Even the most successful of politicians misjudge popular appetites and overreach. And they typically overreach when they overestimate the power of the very approach that brought them success. Prime Minister Narendra Modi’s political approach is rooted in a Hindu middle-class universe — a blend of cultural essentialism, political majoritarianism, and economic aspiration — which shapes much of his politics. What the backlash over the three farm laws proves is that India is not, as of yet, that middle-class universe.
Modi’s narrative on the farm laws — of unshackling people from the chains of vested interests and giving them the path to prosperity — was perfectly in line with the politics that has repeatedly bolstered his popular support. A similar upending of status quo and quashing of entrenched interests were at the core of the popularity of schemes from demonetisation to Article 370 abrogation to the Direct Benefit Transfer (DBT) regime. The agricultural reforms push had all the features and sensibilities of Modi’s distinctive middle-class politics of aspiration. Yet this time, he seems to have misjudged the popular mood. What happened?
Fundamentally, what Modi has overlooked is that his middle-class constituency is essentially a coalition of two strikingly distinct classes — the traditional middle classes and the neo-middle classes. These two classes are bound together more by a sensibility and a loose ideological orientation rather than any concrete interests, and therefore, Modi’s middle-class politics is circumscribed by hard limits, which have become apparent now.
The two middle classes
The traditional middle classes are the thin sliver of the population — the college educated and professionally employed people whom you see consuming English news and opining on social media. The neo-middle classes, a term popularised and politicised by Modi, are all the huge masses of people who have escaped poverty and self-identify as middle class but have not yet reached middle class living standards. As political scientist Christophe Jaffrelot had noted in 2014, it were the neo-middle classes which had powered Modi to victory.
The political brilliance of Modi has lied in fusing these two distinct classes in a politics of aspiration. This has given him a large area of catchment on which to base a dominant politics — 58 per cent of surveyors self-identified as middle class in a CSDS-Lokniti poll of 2019. Even Modi’s welfare policies towards the poor are framed under a middle-class modulated vocabulary of empowerment and development rather than as poverty alleviation schemes. In this political framework, when the expanded Hindu middle class comes together as one — such as on Article 370, Citizenship Amendment Act (CAA), demonetisation, lockdown politics — it exerts a hegemonic force, which lends Modi the cloak of irresistibility.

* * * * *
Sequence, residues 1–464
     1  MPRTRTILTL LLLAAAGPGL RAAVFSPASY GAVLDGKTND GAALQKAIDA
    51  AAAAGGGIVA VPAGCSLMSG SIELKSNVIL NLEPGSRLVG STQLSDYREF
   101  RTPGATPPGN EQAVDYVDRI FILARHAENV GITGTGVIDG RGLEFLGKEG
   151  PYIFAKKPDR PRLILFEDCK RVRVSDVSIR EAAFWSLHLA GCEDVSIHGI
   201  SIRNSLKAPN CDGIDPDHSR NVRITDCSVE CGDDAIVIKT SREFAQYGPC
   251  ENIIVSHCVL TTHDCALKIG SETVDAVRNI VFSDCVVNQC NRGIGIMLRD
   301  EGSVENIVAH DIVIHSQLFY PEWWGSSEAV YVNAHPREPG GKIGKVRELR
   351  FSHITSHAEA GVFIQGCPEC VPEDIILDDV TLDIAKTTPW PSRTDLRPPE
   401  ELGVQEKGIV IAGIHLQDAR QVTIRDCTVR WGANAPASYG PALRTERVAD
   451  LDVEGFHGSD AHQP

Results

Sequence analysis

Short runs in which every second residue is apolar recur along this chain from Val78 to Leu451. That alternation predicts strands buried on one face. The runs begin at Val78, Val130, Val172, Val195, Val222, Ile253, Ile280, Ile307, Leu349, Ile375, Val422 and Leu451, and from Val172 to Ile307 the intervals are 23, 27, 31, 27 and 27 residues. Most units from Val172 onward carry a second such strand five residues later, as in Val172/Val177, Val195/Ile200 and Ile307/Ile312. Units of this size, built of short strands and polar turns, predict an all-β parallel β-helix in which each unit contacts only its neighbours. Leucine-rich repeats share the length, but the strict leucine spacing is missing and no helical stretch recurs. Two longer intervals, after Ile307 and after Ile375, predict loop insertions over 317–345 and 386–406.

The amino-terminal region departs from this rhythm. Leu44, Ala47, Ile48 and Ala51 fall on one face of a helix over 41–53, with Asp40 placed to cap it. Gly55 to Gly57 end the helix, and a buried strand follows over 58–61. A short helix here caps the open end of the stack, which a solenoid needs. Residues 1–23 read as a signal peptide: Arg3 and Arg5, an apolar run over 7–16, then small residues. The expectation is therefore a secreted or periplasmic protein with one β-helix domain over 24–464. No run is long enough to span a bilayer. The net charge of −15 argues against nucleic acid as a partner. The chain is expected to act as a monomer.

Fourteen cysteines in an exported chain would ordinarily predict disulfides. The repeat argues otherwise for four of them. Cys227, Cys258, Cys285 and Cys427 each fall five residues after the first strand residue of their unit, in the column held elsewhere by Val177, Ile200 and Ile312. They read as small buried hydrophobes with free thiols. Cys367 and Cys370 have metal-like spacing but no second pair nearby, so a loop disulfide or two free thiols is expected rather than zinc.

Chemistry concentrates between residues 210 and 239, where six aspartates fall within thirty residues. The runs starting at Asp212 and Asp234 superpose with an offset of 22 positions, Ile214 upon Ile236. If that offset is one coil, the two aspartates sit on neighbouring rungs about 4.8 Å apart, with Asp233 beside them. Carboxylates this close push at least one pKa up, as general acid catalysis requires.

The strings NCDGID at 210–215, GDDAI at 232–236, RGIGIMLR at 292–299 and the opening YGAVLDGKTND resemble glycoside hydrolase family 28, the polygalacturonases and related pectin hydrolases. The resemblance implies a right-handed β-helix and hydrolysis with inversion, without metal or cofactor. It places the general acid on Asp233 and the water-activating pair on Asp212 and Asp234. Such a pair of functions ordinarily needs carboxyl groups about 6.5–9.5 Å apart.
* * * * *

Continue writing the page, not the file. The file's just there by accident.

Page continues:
However, as the furore over the farm laws shows, these two middle classes can sharply depart in political positions owing to different material interests. While the traditional middle classes have lauded Modi for the ‘politically tough’, ‘forward looking’ agriculture reforms, the position of the neo-middle classes seem to range from indifference or ambiguity to being openly opposed to the government actions.
This position of the rural neo-middle classes (at least) can be gauged not just from the mass protests at Delhi’s borders but even more so from the fact that no major party except the Bharatiya Janata Party (BJP) is standing up for the farm reforms. Political parties, more than anyone else, have their ear to the ground and when the allies of the BJP and the Rashtriya Swayamsevak Sangh’s (RSS) own farmer wing openly support the protests, public opinion becomes fairly clear. Even its ally in Haryana, the Jannayak Janata Party (JJP), is being constantly pushed by its legislators to back the protests.
Middle classes’ State dependence and reform mindset
Rapid rise of incomes, urbanisation, and the spread of mass media had forged a common sensibility among this expanded middle class, a sensibility that pervades Modi’s politics. One part of it is political style — a managerial, de-politicised approach to governance, demonstrated in Modi’s disregard for Parliament and other constraining institutions, as was also witnessed in the passage of the farm bills. A 2005 CSDS poll found that 80 per cent of the upper-middle class felt that “all major decisions about the country should be taken by experts rather than politicians”. Similarly, a 2009 Pew survey among 13 countries revealed India to be the only country where the poor were more concerned about democracy than the middle classes. In all other countries, the middle class was the more progressive class.